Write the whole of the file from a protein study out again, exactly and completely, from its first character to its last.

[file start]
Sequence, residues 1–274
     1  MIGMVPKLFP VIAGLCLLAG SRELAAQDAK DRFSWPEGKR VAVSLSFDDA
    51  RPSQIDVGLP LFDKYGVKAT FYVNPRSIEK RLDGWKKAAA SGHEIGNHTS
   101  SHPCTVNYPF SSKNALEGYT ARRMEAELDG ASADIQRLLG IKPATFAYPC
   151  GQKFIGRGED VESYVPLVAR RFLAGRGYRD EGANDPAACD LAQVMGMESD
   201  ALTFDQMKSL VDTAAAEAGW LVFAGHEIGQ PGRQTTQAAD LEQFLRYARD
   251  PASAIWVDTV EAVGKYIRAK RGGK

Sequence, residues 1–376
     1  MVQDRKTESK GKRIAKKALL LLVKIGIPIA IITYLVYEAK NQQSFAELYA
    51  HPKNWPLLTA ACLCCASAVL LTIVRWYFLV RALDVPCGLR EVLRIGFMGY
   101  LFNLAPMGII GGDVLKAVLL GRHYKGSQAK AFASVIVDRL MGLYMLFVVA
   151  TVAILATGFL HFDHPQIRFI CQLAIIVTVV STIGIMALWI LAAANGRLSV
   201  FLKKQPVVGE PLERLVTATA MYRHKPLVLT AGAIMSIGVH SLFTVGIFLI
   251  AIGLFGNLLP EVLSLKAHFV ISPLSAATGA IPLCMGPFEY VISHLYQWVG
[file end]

Sequence, residues 1–274
     1  MIGMVPKLFP VIAGLCLLAG SRELAAQDAK DRFSWPEGKR VAVSLSFDDA
    51  RPSQIDVGLP LFDKYGVKAT FYVNPRSIEK RLDGWKKAAA SGHEIGNHTS
   101  SHPCTVNYPF SSKNALEGYT ARRMEAELDG ASADIQRLLG IKPATFAYPC
   151  GQKFIGRGED VESYVPLVAR RFLAGRGYRD EGANDPAACD LAQVMGMESD
   201  ALTFDQMKSL VDTAAAEAGW LVFAGHEIGQ PGRQTTQAAD LEQFLRYARD
   251  PASAIWVDTV EAVGKYIRAK RGGK

Sequence, residues 1–376
     1  MVQDRKTESK GKRIAKKALL LLVKIGIPIA IITYLVYEAK NQQSFAELYA
    51  HPKNWPLLTA ACLCCASAVL LTIVRWYFLV RALDVPCGLR EVLRIGFMGY
   101  LFNLAPMGII GGDVLKAVLL GRHYKGSQAK AFASVIVDRL MGLYMLFVVA
   151  TVAILATGFL HFDHPQIRFI CQLAIIVTVV STIGIMALWI LAAANGRLSV
   201  FLKKQPVVGE PLERLVTATA MYRHKPLVLT AGAIMSIGVH SLFTVGIFLI
   251  AIGLFGNLLP EVLSLKAHFV ISPLSAATGA IPLCMGPFEY VISHLYQWVG